Protecting your business assets is important, but not as important as protecting personal assets. Accordingly, making sure to create a separation between personal assets and business assets is essential to any entrepreneur’s business model.  This is where corporate formation comes into play.  In this case, we will discuss forming a limited liability company. 

What Is A Limited Liability Company?

A Limited Liability Company (LLC) is a formal registration of a company with the department of State (usually) within the state the company is located. It essentially serves as an official entity that forms a legal separation between a business and its owners.  Once an LLC is formed, all contracts and most legal liability is then associated with the LLC directly, not to the owners. In contrast, partnerships and sole proprietorships the owners are personally responsible for all legal liability which can include personal property.

Why Is It Important To File An LLC?

The main reason to form an LLC is for the legal protection of personal property, by the owner, from the liability that a business assumes. As long as business is conducted in a correct manner and separate from the personal activities of the individual, a creditor and/or potential plaintiff is prevented from seeking recourse against anything other than the entity in which it contracted or did business with.  Accordingly, with an entity such as an LLC most contract disputes and other legal liability is solely the responsibility of the LLC.  Thus, a potential plaintiff and/or creditor is prevented from going after the business owner’s personal property.  This protection, however, is not absolute and a plaintiff and/or creditor may “pierce the corporate veil” is a business owner fails to run his/her business in the correct manner (i.e. commingling assets, failure to keep corporate minutes and conduct annual meetings). 

LLC and Taxes

Another advantage LLCs have is their flexibility for dealing with taxes. An LLC may pay taxes as a sole proprietor, partnership, C-corporation, or S-corporation. Each has its advantages and disadvantages, although S-corporations are said to have the best tax benefits due self-employment tax savings, though this may depend on the company.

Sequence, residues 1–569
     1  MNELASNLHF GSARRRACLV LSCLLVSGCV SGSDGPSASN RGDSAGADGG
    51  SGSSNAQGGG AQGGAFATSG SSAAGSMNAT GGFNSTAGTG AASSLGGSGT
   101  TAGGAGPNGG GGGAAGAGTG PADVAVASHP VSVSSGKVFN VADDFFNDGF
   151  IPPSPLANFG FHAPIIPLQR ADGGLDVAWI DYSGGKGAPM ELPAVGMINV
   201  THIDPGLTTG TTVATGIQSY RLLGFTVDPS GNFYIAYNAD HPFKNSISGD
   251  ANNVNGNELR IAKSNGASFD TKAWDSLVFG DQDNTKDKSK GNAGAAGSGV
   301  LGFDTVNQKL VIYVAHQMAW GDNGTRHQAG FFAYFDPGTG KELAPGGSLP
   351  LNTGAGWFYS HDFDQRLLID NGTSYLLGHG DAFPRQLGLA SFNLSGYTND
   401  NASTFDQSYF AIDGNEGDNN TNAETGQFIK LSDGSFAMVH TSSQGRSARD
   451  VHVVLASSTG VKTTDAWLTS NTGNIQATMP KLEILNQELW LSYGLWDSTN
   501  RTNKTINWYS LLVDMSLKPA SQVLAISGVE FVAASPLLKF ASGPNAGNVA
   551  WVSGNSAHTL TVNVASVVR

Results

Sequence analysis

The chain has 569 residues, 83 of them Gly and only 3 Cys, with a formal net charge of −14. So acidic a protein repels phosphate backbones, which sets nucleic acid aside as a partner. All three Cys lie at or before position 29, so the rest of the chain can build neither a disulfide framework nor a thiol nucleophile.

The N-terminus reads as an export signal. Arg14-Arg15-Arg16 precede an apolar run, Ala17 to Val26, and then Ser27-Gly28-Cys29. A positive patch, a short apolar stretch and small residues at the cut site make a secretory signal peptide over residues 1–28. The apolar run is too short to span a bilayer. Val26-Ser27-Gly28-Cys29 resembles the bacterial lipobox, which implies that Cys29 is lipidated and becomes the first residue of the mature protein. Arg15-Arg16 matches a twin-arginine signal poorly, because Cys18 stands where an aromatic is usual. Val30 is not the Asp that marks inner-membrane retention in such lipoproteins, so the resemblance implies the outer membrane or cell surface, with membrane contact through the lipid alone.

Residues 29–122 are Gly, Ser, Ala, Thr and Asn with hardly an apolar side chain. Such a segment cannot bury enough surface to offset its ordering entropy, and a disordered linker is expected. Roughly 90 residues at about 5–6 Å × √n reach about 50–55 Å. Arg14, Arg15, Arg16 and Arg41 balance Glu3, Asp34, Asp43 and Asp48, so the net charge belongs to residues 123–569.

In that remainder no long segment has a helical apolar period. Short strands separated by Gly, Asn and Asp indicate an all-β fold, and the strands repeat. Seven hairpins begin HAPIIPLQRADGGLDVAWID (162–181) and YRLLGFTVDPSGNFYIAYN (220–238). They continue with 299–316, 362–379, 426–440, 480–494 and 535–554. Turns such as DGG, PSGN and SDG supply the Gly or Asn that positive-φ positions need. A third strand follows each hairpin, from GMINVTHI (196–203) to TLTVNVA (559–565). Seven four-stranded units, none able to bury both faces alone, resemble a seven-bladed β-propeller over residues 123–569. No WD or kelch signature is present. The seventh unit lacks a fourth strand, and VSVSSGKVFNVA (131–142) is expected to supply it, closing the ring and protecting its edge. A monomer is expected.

By default, the IRS treats LLCs as a “pass through” entity. If there is only a single owner, the LLC is essentially ignored and that person must file the entire LLCs earnings on their income tax return. If the LLC has multiple partners, they must file a IRS form 1065 and receive a K-1 (reporting their share of income or loss) to file with each of their personal tax returns.

If the LLC chooses to be taxed as a corporation (either C-corp or S-corp) they must file IRS form 8832. The reason why S-corporations are so highly regarded as a way to structure an LLC’ is that they have simplicity and flexibility of a partnership along with the tax benefits (self-employment tax savings) and structure of a corporation.

How to form a LLC

Where – The first step to forming an LLC is to decide in what state to register. Each state has different requirements, so businesses must be sure to research exactly what is required in order to register successfully. Registering an LLC is done through the Department of State (or Secretary of State) in the state that the business is registering.

Pick a company name – The first step before submitting your articles of organization with the department of State is to choose a company name. Each state has specific requirements, but the general rules require the name to be unique, using nothing restricted (by trademark or other laws), and must end with “limited liability company” or the abbreviated: “LLC” or “L.L.C.”.

Articles of organization – Filing articles of organization with the department of state is the first official step for registering an LLC.  It is a simple, yet quite specific format to follow, again, unique to each state. Be sure to follow the format exactly or the registration will be rejected. This is also the time where any filing fees are usually expected to be paid. Some small businesses choose to have a professional service take over at this point of the process so as to ensure the proper formatting and specifics are followed precisely.

Operating agreement – Most states require an operating agreement to be completed along with the registration of an LLC. The purpose of the operating agreement is to name the members, manager(s), tax matters partner, and develop terms for equity distribution. While this isn’t something you usually need to submit to the DOS, it also isn’t a step to be taken lightly. It is particularly important for LLCs with more than one member to have a proper operating agreement with exit clauses to ensure the health of the company and fair share of equity to all members, particularly in their leaving. Hiring a lawyer to help draft the operating agreement is highly recommended for multi-member LLCs.